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It’s strange to see Carnival of Souls so venerated now – it’s even out on the Criterion Collection. A quickly-produced low-budget movie meant as a calling card to the movie industry, now acknowledged as a classic. Well, okay, there are more than a few of those in the Collection, but it’s rare that we get to watch one during Hubrisween.
Just in case you recently switched living arrangements from underneath a rock, Carnival opens with a drag race gone wrong, as a car carrying three women plunges off an old bridge into a river and sinks immediately. While the river is being dredged for the car and the bodies, one of the women – Mary Henry (Candace Hilligoss) stumbles from the muddy river, unable to remember anything since the crash.
Mary’s a skilled organist taking a position at a church in Utah, though she denies being particularly religious. On the way to this new life, she is stricken by the sight of an abandoned pleasure palace on the shore of a lake. Her increasing obsession with the place becomes a problem, though not as much as the ghoulish, silent white-faced man who seems to be stalking her.
Since we’re dealing with a movie half a century old, I think we can stop being so precious and just say that Mary died in that car wreck, and she’s only been pretending to be alive all this time. It’s something that anyone who’s read “An Occurrence at Owl Creek Bridge” or seen an episode of Twilight Zone has already figured out by the first half hour mark, if not ten minutes in. The difference is in the delivery of that revelation, which is where Carnival manages to edge itself into the realm of actual art.
There are two times in the movie when Mary finds herself in a silent world, unable to interact with any of the people bustling around her, as if she’s ceased to exist. It’s amazing how affecting something like killing the ambient sound in a sequence can truly be. These segments, and the scenes taking place in the decaying Saltair Amusement Park (an amazing setting that was only waiting to be discovered), its downbeat denouemant, are what give the movie its power to chill.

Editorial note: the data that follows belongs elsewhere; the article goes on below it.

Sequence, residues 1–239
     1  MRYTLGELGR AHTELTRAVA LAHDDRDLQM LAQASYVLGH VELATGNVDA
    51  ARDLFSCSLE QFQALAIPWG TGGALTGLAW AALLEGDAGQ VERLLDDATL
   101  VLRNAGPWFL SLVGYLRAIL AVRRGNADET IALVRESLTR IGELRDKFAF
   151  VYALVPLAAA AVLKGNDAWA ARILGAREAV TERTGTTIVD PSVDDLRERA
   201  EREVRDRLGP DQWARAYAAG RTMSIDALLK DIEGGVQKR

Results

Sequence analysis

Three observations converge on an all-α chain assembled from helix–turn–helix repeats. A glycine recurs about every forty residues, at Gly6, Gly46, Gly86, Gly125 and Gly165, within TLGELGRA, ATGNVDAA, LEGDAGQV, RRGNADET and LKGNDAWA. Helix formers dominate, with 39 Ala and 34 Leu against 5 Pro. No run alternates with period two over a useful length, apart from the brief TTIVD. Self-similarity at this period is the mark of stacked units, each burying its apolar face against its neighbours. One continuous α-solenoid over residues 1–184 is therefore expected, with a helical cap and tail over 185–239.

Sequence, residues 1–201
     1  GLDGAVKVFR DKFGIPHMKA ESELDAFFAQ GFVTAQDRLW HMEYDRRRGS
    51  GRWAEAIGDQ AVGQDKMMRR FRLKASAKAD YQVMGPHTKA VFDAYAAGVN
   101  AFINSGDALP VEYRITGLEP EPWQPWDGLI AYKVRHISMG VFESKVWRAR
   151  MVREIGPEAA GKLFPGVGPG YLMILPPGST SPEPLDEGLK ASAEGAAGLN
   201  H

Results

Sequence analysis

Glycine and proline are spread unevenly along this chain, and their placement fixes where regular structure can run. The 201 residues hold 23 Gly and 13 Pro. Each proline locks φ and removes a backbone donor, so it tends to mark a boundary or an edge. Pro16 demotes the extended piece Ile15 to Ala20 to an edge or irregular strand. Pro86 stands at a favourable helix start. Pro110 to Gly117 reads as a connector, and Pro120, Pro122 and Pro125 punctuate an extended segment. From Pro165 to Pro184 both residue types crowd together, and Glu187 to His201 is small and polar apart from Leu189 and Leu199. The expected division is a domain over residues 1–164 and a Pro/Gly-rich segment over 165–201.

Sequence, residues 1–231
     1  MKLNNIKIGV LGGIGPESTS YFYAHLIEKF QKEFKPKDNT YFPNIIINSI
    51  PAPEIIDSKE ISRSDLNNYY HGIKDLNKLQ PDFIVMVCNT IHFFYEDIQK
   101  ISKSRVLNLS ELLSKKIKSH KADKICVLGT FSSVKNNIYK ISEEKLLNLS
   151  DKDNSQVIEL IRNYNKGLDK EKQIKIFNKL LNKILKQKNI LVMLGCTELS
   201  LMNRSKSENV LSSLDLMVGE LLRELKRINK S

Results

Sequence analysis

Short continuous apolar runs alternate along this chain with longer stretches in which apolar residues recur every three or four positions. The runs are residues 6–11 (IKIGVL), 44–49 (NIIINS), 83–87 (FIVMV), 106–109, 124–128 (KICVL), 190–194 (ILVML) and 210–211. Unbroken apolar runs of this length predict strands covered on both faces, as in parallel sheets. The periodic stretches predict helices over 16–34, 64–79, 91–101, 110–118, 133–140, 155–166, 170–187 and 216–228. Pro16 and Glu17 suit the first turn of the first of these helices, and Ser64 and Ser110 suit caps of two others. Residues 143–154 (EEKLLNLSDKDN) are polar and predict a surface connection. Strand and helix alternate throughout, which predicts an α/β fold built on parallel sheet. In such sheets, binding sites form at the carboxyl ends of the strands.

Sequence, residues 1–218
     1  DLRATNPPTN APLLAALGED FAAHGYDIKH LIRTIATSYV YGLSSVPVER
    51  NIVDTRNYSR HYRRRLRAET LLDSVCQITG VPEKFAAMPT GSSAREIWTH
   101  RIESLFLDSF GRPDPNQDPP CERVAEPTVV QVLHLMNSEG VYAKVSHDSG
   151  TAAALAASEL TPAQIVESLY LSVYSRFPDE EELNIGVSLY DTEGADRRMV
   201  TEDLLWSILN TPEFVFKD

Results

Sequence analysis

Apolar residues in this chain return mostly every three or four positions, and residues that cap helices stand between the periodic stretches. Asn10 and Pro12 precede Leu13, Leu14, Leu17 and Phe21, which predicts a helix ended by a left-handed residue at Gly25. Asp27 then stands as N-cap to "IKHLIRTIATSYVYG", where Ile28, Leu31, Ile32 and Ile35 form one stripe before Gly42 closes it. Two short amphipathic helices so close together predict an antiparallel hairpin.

Producer/director Herk Harvey (who also plays the ubiquitous dead-faced man) was a veteran of numerous “mental hygiene” and industrial shorts, and went into his two-week shoot with a budget of $17,000 and a five man crew. Years of quick production put him in good stead as the shoot proceeded guerilla-style in Salt Lake City (offering a man in a van twenty-five bucks to “nearly” run over Hilligoss, for instance). Much of the movie was shot in Lawrence, Kansas, where Hervey and his cohorts were well-known and respected (“You need to shoot in my church? Sure!”).
The oddest note in the movie is struck by Hilligoss’ portrayal of Mary; judging from interviews with her and Harvey, the cold, non-social aspect of the character is a choice by the director, which Hilligoss struggled with. It may be good for the story – Mary is a character that never truly lived, and now desperately wishes to, but doesn’t know how. It does, however (and as Hilligoss feared) limit viewer sympathy for the protagonist.
Faring better is Sidney Berger as the only other occupant of Mary’s boarding house, John. John is a realistic, horny working guy, equal parts good humor, sexual bluntness and desperation. Mary acquiesces to his constant efforts to get close to her simply because her fear of the Man and the call of the abandoned park are beginning to terrify her. Even the horndog, though, is unwilling to expose himself to her increasing instability. Berger went on to a sterling career as head of the drama department at the University of Houston, and had to put up with some frequent razzing about the role, but honestly, he is, in many ways, the best actor in the movie.
Carnival did not fare well on its initial release, and was, as is so often the case, screwed over by a con man masquerading as a distribution company. It was also cut by as much as eight minutes, and since I saw the original, uncut version, that might have actually been an improvement – it does drag in parts. But when it was sold to TV, frequent airings allowed its strengths to be appreciated, and a cult grew. And this is why, even knowing the Twilight Zone properties of the script, it is possible to still watch this small, well-organized picture and still be able to pick up a chill or two.
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